Review: ASTORIA at Portland Center Stage is a wooden, pre-modern melodrama about heroic white men battling the wilderness – minus Eugene Levy

ASTORIA Adapted by Chris Coleman at Portland Center Stage

3-stars

Thru February 19, 2017

If you’re setting sail on the perilous journey of adapting a long historical drama for the stage, particularly one that tries to deal with the glorious (or not) story of America’s early days, you should be very familiar with two examples from the genre that define a spectrum of possible outcomes.

On one end, HAMILTON, the international juggernaut that breathes life into history by using forms and multi ethnic bodies of the present.  On the other, RED, WHITE AND BLAINE, the show staged inside of the film WAITING FOR GUFFMAN that has become a defining reference for amateur community theatre and (more subtly) oblivious historical white washing of what life on the merry frontier was like.

Astoria at Portland Center Stage
“How high a ridge I could not tell.” Eugene Levy could make ASTORIA really fun.
Continue reading “Review: ASTORIA at Portland Center Stage is a wooden, pre-modern melodrama about heroic white men battling the wilderness – minus Eugene Levy”

CAREER SUICIDE by Chris Gethard at Culture Project

CAREER SUICIDE by Chris Gethard

Culture Project at Lynn Redgrave Theater

Thru Jan 8, 2017

3-stars

Stand up comedy seems to have its share of substance abuse and extreme emotions. From the smoking craters of several career directions, Gethard weaves a personal story about how he finally figured out the right dosage and made a life on stage and off. Now we know: NJ is crazy.

THE DEATH OF THE LAST BLACK MAN… by Suzan-Lori Parks at Signature Theatre

THE DEATH OF THE LAST BLACK MAN IN THE WHOLE ENTIRE WORLD AKA THE NEGRO BOOK OF THE DEAD by Suzan-Lori Parks

Directed by Lileana Blain-Cruz

Signature Theatre

Thru Dec 18

4-stars

When in the theatre – do what can only be done in the theatre.  Color, costume, words. The avant garde language of Parks is framed and filled out by masterful direction from Lileana Blain-Cruz. This talented new director keeps her streak of utterly theatrical experiences going strong.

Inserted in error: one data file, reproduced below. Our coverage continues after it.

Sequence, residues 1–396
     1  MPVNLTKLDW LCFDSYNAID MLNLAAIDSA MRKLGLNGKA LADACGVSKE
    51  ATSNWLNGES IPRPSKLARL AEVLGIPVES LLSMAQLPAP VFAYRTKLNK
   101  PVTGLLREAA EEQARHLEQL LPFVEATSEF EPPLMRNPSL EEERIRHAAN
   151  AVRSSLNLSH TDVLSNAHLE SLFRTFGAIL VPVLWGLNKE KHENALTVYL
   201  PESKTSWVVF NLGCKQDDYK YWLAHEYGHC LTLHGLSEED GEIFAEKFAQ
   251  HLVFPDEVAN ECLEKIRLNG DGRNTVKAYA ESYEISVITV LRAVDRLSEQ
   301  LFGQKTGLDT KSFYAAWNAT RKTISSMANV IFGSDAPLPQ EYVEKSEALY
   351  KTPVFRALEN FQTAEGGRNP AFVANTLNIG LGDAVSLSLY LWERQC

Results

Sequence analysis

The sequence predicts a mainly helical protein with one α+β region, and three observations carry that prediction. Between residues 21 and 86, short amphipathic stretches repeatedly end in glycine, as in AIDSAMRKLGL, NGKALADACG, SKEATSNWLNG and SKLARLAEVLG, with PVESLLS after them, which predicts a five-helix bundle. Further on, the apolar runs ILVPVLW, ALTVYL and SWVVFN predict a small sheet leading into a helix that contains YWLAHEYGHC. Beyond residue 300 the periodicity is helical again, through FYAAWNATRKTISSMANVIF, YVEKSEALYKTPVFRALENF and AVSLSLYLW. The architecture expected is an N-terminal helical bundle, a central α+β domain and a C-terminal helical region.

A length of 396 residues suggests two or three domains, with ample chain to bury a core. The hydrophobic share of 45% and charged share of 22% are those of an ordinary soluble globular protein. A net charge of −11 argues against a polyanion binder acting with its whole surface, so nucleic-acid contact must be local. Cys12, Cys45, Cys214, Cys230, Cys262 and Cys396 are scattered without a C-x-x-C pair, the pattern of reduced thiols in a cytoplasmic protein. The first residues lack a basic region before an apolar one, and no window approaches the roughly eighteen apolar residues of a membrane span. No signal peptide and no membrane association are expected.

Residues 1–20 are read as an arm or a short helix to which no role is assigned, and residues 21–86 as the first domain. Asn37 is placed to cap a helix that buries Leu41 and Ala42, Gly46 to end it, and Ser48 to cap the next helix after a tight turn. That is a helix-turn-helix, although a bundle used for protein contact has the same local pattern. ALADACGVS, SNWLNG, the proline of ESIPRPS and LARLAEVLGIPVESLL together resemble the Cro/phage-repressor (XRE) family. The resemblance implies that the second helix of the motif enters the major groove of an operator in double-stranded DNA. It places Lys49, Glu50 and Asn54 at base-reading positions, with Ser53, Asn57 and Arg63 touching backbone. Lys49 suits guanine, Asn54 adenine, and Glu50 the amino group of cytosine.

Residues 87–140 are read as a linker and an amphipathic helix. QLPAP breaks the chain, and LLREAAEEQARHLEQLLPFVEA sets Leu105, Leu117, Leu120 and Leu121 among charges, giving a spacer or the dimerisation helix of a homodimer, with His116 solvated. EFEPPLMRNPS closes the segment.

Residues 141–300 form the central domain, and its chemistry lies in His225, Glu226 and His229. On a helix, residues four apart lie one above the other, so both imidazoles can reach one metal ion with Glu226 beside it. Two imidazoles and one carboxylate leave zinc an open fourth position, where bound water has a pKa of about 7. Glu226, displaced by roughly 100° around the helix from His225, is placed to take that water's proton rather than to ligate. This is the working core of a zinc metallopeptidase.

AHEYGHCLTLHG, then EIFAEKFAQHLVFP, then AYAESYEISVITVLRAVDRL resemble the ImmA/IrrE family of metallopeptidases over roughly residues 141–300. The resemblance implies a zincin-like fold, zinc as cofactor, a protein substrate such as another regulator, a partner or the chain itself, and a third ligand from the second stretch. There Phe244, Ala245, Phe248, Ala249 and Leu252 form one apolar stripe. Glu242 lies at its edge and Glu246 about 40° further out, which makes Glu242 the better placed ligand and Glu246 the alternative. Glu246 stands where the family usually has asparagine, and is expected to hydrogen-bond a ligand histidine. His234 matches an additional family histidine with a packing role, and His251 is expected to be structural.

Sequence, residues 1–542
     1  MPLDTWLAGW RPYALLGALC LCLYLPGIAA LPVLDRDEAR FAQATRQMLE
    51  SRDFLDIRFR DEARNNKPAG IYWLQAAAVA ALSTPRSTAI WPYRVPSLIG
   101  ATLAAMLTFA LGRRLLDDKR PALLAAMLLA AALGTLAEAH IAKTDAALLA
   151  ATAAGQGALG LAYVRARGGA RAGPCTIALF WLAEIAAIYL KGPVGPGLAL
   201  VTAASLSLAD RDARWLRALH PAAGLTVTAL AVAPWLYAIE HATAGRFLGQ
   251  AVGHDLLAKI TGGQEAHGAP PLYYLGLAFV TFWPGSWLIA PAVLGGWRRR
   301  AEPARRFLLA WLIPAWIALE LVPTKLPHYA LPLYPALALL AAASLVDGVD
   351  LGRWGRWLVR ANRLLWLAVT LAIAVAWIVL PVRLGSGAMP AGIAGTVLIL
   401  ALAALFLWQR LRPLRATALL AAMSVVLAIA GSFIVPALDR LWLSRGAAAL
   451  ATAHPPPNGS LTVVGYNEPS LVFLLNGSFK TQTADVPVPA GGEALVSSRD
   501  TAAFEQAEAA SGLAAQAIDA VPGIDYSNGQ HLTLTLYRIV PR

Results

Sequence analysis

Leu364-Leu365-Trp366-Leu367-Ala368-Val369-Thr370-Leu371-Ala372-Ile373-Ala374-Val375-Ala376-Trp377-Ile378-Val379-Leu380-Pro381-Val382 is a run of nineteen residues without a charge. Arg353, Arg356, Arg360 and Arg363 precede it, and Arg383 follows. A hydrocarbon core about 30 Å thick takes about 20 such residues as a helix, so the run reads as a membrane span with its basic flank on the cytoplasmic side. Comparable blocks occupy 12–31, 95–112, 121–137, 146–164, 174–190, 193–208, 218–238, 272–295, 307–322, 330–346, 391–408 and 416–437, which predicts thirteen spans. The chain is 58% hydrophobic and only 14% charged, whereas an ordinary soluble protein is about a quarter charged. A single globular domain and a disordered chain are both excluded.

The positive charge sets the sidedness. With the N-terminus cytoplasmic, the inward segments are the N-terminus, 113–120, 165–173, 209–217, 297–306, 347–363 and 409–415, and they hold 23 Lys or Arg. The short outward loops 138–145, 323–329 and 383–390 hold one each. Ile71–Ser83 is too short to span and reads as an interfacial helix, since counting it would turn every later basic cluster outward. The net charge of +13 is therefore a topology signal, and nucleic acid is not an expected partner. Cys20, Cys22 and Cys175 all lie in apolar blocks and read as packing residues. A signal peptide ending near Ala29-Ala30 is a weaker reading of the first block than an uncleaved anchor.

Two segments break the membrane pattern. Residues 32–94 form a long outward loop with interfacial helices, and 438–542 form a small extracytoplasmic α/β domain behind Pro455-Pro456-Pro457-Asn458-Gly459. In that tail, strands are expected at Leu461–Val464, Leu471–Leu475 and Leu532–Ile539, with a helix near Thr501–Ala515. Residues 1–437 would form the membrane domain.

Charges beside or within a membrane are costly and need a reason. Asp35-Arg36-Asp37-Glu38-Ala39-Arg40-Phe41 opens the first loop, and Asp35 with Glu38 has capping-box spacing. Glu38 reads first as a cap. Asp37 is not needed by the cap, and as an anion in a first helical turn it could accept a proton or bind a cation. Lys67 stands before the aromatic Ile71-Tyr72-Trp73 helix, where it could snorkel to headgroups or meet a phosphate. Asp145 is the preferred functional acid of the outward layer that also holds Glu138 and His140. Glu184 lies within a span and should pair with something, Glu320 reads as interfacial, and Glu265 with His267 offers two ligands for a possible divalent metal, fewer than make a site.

MATILDA by Dennis Kelly and Tim Minchin at Shubert Theater

MATILDA by Dennis Kelly and Tim Minchin (via Ronald Dahl)

Shubert Theater on Broadway

Thru January 1, 2017

4-stars

#JoyAlert. Even while many ingredients are well known and commonly used, the combination here connects deeply.  That’s what arch types do.  Willow McCarthy mesmerizing as our little reader and revolutionary.  Bryce Ryness crucial as the iron-breasted Miss Trunchbull.  Though it must be said he simply channels the great David Thewlis.

THE PRIDE by Alexi Kaye Campbell at Theatre22

THE PRIDE by Alexi Kaye Campbell at Theatre 22

Thru Nov 19, 2016

2-stars

Rendering plausible British accents – so often a challenge for American actors – here turns into a minefield of problems with a near constant barrage of detonations. Potential melodrama of story not helped by excessive directorial pauses, teeth gnashing, tearful breast beating. Setting between two eras is not clear enough. Not authentic.

 

BLOOD ON THE BOOKS by Nick Zagone at Shaking the Tree

There are compelling dramatic threads and several strong performances here. But the central scaffolding does not always hold up. Perhaps too much direct address to audience, and not enough interaction between the characters. One thing that’s prescient though: One day Powell’s will go under. You heard it here first. Poof.

NIGHT IS A ROOM by Naomi Wallace at Signature Theatre

NIGHT IS A ROOM by Naomi Wallace at Signature Theatre

Directed by Bill Rauch

4-stars

Stunning piece of modern art. Like a glittering shard of glass. But as soon as you stop to pick up this jagged jewel you’re going to get cut. One of the best plays I’ve seen in a long time. With a dark, unmentioned Irish back story careful viewers will see.

Thru Dec. 20

ECLIPSED by Danai Gurira at the Public Theater

ECLIPSED by Danai Gurira at the Public Theater

Immaculately crafted and accurately rendered. But what is missing is theatre magic – something to take the story into another level of resonance, impact, meaning. The gaze of the offstage men is chilling. After we get the setup, there’s little significant development or change. Inevitably a comparison to RUINED comes up.

Thru Nov. 29

Then headed to Broadway.

HIR by Taylor Mac at Playwrights Horizons

HIR by Taylor Mac at Playwrights Horizons

Taylor Mac’s disruptive and often gripping play is 3/4 of the way to being something great. But problems of physical pacing, plot and setting hold it back. Laundry lists of acronyms serve as unintentional parody of our own self-obsessed present. Mother’s bright demeanor does not ring true. Still quite an achievement.

Thru Dec. 20